The age-old joke of bassists being the guys in the band that just couldn't hack it at guitar can finally go down the proper six feet it needs to go down and take a dirt nap. Bassists are super important and I'm backed up by science this time! Not beer, which is what I'm normally backed up by for this argument.
Mic.com compiled a study that explains exactly why bass is super important in music and why we as human beings tune into the bass guitar, even if we're not fully aware that we're tuning into anything specific at all.
Last year, researchers from McMaster University in Hamilton, Canada, found that there's a reason why bass lines tend to fill out the background of a song, leaving the theatrics to higher-pitched instruments. Our brains are far better suited to establishing a song's rhythmic feel if they occur in lower tones.
Laurel Trainor, the study's lead author, hooked up participants to an EEG to monitor brain activity while they heard simultaneous streams of two piano notes — one high-pitched, the other low-pitched. Every so often researchers played one of the notes fractions of a second too early. Participants were far better at recognizing these errors if they occurred in the bass notes. That same study also found that, if asked to tap their fingers along to this unpredictable stream of notes, subjects were much better at adjusting their tapping when the lower tones began to arrive early than they were if the same thing happened with the higher tones.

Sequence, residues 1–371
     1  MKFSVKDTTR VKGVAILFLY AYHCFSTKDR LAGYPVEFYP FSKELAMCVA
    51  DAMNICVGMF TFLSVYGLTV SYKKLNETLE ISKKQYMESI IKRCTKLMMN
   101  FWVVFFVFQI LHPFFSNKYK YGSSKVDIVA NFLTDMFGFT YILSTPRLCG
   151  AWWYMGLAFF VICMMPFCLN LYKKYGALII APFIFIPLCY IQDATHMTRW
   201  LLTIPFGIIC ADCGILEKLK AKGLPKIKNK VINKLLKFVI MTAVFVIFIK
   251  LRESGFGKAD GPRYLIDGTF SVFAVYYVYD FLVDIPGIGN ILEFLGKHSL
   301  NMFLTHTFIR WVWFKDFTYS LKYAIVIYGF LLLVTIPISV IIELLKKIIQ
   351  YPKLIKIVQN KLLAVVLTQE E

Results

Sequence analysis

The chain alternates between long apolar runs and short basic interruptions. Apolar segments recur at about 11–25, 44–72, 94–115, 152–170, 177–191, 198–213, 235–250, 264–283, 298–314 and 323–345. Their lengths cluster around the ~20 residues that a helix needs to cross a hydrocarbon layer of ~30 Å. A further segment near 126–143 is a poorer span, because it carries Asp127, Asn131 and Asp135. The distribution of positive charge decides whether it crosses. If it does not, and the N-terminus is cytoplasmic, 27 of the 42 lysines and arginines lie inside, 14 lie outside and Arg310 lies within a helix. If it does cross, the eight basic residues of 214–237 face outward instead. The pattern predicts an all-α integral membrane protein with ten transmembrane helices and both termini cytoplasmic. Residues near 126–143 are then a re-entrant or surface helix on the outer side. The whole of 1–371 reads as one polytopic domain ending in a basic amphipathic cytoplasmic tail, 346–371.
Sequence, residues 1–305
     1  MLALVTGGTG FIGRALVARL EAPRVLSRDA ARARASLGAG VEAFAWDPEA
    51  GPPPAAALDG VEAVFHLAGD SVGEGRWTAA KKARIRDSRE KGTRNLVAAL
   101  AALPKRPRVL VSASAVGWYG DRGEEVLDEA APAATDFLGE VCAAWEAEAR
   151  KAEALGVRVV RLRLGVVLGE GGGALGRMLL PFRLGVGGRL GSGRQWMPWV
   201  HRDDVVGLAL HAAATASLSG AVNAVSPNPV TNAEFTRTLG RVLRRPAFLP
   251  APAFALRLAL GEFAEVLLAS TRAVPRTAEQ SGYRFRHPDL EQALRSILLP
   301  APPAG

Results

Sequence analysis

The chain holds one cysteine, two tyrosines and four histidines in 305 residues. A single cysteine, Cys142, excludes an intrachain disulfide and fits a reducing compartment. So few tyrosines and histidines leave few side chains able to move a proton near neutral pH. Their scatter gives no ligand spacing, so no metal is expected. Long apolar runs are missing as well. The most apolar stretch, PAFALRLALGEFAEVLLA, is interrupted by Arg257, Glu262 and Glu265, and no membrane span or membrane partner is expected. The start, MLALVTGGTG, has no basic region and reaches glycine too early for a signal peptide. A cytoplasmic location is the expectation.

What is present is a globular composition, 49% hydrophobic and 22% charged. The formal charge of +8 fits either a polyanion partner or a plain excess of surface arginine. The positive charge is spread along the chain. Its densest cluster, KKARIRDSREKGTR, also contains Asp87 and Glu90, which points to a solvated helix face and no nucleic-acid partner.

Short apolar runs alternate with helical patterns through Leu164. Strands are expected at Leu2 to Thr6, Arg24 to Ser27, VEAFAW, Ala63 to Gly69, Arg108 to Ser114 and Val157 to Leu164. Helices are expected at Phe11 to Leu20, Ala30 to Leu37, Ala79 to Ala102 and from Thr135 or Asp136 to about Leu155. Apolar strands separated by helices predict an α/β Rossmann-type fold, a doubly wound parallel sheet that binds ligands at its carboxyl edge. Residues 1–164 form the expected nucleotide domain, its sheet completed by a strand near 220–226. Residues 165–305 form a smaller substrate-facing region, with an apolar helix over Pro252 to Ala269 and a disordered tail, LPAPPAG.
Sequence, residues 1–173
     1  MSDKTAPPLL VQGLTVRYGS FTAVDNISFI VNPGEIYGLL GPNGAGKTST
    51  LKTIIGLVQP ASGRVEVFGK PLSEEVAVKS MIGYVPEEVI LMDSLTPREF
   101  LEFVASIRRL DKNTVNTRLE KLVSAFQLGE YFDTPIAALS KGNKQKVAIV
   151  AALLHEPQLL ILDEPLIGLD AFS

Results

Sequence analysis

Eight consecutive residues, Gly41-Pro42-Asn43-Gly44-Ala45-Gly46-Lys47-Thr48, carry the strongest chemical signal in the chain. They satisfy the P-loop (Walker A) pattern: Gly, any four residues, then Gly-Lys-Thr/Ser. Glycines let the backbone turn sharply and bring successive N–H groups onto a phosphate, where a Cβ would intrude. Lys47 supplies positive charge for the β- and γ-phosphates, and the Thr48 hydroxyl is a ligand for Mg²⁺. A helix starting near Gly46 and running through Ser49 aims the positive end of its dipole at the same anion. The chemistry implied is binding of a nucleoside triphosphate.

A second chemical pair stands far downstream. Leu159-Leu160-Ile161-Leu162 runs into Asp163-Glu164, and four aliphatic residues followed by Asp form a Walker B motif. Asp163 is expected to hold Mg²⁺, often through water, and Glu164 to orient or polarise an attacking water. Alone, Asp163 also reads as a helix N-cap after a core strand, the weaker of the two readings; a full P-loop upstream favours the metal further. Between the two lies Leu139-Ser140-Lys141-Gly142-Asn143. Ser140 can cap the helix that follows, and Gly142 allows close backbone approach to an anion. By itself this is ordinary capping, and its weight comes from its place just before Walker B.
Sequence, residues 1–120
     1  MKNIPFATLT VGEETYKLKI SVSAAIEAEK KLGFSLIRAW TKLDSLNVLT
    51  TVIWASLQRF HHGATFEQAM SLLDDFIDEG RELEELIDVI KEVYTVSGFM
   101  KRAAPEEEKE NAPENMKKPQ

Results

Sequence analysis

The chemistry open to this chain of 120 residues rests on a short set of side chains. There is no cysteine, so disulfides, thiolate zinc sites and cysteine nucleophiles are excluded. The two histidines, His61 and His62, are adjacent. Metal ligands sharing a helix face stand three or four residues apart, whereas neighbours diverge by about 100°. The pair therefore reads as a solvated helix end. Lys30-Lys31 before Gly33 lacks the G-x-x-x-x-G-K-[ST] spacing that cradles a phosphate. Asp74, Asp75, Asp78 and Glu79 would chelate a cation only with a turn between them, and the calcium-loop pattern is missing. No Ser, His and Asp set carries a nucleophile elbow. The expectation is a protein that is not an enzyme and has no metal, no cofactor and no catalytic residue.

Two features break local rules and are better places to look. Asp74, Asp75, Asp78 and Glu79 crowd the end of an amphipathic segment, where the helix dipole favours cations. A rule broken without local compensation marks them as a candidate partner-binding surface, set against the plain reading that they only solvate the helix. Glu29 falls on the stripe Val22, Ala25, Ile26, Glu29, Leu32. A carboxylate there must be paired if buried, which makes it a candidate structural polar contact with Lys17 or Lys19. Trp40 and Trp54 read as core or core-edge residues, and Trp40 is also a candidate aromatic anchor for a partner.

The study also ascertains that the bass holds down the music tonally as well, which I agree with to an extent- sometimes it's a little more of a lead instrument than anything else. Not often, but still! Primus, anyone?
The bass often defines the chords that set a song's melody in context. The bass note doesn't always define the chord's root, but it frequently commands that role. Sting, one of the world's most celebrated and richest bassists, absolutely relishes the harmonic control of the bass.
So next time your guitarist tells you some lame-ass bassist joke, tell him he's nothing without you. Then high five the drummer because you're the rhythm section and ain't nothin' keeping you down.